BG 18.17 - The one without the feeling of "I am doer", whose intellect is not tainted, despite killing [others] in this world, neither kills nor is bound
"Is killing justified in the Bhagwad Gita?"
Bhagawad Gita has no firm stand or message on any particular subject. It's more of a description about removing dualities from one's consciousness and fixing it unto the supreme self, which it refers as Atma or ParamAtma. According to Gita, Atma or "self", which is unborn & omnipresent, neither gets killed nor kills. Whatever is happening around the universe is merely interactions of 3 modes (guna-s: sattva, rajas, tamas).
BG 2.21 - Which is said to be indestructible, eternal; One who is unborn, indivisible; O PArtha, how that consciousness (purusha = consciousness = Atma, here) be killed by someone or kill someone?
After all the peace treaties failed between PAndava-s and Kaurava-s, the war was inevitable. Arjuna got confused just during the wartime, which is not a Swadharma or a natural trait for a Kshatriya (Patriot or Warrior). Even if Arjuna had ducked that war, he would have eventually been dragged into it due to his nature.
BG 18.59 - If sheltered by ego, should you think as "Won't fight"; that will be a worthless determination. [Because] Your nature engages you [in fight].
BG 18.60 - O son of Kunti, bound by activities born out of your own nature, you [will] do, which you don't desire [to do] due to illusion.
Also, there is a difference between Killing & Violence.
"Isn't killing (be it human or animal) against the basic tenets of Hinduism?"
Withing the scope of Prakruti, rightful killing is always recommended. Wrongful killing is equally sinful. There are many examples from MahAbhArata. One of them is from Bhishma in RajadharmAnusasana(ShAnti) Parva:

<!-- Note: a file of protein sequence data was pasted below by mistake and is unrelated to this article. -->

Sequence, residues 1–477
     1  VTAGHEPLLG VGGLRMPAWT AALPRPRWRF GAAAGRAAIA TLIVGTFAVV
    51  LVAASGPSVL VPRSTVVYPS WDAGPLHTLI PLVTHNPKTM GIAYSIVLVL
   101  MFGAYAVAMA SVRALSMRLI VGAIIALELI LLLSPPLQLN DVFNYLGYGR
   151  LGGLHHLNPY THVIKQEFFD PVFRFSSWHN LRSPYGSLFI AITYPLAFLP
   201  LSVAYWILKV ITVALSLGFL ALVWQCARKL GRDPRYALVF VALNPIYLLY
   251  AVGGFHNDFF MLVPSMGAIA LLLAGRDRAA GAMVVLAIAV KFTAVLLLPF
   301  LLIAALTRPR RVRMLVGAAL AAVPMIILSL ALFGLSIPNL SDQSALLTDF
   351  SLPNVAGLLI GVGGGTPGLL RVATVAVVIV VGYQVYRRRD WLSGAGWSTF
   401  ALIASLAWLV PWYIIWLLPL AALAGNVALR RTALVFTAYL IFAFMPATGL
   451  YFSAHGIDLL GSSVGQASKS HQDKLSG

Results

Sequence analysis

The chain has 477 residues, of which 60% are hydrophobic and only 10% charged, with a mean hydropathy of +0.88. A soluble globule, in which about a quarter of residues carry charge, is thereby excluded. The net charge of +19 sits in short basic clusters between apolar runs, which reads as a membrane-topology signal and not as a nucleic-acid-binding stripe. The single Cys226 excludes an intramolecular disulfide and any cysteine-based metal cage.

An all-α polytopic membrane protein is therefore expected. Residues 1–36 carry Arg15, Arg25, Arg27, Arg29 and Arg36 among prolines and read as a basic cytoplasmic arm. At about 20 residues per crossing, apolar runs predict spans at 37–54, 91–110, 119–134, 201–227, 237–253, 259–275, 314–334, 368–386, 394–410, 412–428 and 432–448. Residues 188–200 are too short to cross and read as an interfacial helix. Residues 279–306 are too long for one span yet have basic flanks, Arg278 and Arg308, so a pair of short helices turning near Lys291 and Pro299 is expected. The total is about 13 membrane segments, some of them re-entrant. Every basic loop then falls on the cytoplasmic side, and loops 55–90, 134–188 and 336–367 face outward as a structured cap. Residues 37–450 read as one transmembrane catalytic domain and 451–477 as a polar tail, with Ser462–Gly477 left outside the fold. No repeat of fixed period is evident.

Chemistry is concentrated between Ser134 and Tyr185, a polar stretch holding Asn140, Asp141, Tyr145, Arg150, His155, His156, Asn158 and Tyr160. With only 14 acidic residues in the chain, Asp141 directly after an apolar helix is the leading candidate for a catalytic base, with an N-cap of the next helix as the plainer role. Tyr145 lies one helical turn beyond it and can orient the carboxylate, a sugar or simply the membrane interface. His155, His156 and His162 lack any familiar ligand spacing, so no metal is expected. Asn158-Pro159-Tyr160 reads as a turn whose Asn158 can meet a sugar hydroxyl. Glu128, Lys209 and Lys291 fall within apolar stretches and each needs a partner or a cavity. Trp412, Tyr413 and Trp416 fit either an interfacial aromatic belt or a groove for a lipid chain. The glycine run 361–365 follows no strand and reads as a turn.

Even a person that is disrespectable, that is of uncleansed soul, and that is very cruel, may succeed in earning great merit as the hunter Valaka by slaying the blind beast (that threatened to destroy all creatures). ......... A deceitful person, falling away from all duties and abandoning those of his own order, always wishes to betake himself to the practices of Asuras for supporting life. Such a sinful wretch living by deceit should be slain by every means. Such sinful men think that there is nothing in this world higher than wealth. Such men should never be tolerated. No one should eat with them. They should be regarded to have fallen down in consequence of their sins. Indeed, fallen away from the condition of humanity and shut out from the grace of the gods, they are even like evil genii. Without sacrifices and without penances as they are, forbear from their companionship. If their wealth be lost, they commit even suicide which is exceedingly pitiable. Among those sinful men there is no one to whom thou canst say, 'This is thy duty. Let thy heart turn to it.' Their settled convictions are that there is nothing in this world that is equal to wealth. The person that would slay such a creature would incur no sin. He who kills him kills one that has been already killed by his own acts. If slain, it is the dead that is slain.